Beirut: Syrian security forces fired on a funeral procession in a restive northwestern border region, killing two people and raising Tuesday's death toll to at least 28, activists said.
   
The flare-up of violence in Idlib province highlighted how Syria's uprising, which earlier this year involved mostly peaceful demonstrations in small towns and cities, has become a virtual insurgency in the countryside along the Turkish border.
   
In Damascus, a prominent US-born Syrian blogger and press freedom campaigner was charged on Monday by Syrian authorities with trying to incite sectarian strife, her organisation said.
   
The Syrian Centre for Media and Freedom of Expression in the Arab World said on Tuesday that Razan Ghazzawi was also charged with spreading false information and weakening national sentiment -- a charge often levelled against those who challenge the Syrian regime.
   
The charges could carry a prison sentence of up to 15 years. The statement issued on Tuesday by the SCM, where Ghazzawi worked, said she denied the charges.
   
She was arrested December 4 at the border while on her way to Jordan for a conference on press freedom. Rami Abdul-Rahman, director of the British-based Syrian Observatory for Human Rights, and other Syrian activists said thousands of people were taking part in the funeral in the city of Idlib of civilians killed there earlier in the day when the gunfire erupted.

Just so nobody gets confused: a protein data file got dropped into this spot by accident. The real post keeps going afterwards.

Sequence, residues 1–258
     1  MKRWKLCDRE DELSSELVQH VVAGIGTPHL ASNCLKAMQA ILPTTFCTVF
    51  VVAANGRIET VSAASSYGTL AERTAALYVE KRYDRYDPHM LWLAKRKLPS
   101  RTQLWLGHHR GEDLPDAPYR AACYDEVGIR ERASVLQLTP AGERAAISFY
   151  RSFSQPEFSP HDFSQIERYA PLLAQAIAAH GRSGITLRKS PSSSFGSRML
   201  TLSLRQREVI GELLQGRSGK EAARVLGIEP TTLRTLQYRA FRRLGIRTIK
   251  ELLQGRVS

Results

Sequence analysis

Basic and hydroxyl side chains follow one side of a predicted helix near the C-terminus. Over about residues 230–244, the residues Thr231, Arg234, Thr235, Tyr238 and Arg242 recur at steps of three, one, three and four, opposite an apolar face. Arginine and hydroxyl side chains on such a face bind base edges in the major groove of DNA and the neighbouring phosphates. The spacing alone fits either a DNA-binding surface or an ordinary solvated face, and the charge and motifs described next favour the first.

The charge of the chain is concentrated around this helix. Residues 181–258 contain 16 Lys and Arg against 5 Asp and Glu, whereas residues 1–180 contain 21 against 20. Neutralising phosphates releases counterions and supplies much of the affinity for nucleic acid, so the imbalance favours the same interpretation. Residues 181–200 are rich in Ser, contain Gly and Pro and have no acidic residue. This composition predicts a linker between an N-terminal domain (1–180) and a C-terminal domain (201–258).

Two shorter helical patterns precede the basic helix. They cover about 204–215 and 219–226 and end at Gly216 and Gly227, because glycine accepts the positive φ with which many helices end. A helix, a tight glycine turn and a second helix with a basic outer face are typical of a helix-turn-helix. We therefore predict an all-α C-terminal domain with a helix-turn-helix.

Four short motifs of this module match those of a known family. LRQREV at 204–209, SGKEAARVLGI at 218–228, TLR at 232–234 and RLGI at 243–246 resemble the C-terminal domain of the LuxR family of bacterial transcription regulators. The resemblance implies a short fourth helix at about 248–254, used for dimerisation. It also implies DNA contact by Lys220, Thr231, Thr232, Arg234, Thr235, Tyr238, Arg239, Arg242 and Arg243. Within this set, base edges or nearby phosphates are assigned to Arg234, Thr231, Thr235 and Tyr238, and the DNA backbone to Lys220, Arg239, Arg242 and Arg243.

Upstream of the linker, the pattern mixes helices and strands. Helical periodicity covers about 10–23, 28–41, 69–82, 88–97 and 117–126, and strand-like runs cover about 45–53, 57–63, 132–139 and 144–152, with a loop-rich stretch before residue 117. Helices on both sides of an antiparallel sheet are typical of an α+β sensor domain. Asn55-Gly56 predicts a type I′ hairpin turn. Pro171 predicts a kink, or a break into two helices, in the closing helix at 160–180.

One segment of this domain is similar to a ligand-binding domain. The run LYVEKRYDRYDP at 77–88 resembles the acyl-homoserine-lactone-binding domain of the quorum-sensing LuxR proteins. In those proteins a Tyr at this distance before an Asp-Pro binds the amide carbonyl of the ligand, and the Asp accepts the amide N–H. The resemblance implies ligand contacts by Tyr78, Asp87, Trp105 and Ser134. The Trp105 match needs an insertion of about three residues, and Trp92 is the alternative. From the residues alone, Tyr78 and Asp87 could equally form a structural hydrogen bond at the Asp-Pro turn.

Regime forces swept through villages in the area near the Turkish frontier and attacked infiltrators at the border, and anti-regime fighters staged a retaliatory ambush and assassinated a senior officer earlier on Tuesday, the reports and Syrian media said.
   
Military defectors known as the Free Syrian Army have found shelter alongside thousands of Syrian refugees on the Turkish side, making use of mountainous terrain, local smuggling networks and support among villagers on the Syrian side to stage cross-border attacks.
   
President Bashar Assad's forces have responded with stepped-up border patrols and reprisal raids on villages where anti-regime protests have been frequent.
   
The bloodshed in Syria, which the UN said on Monday has left at least 5,000 dead, has resulted in increasing pressure on the Assad regime, including sanctions by the United States, the EU and the Arab League.

(Agencies)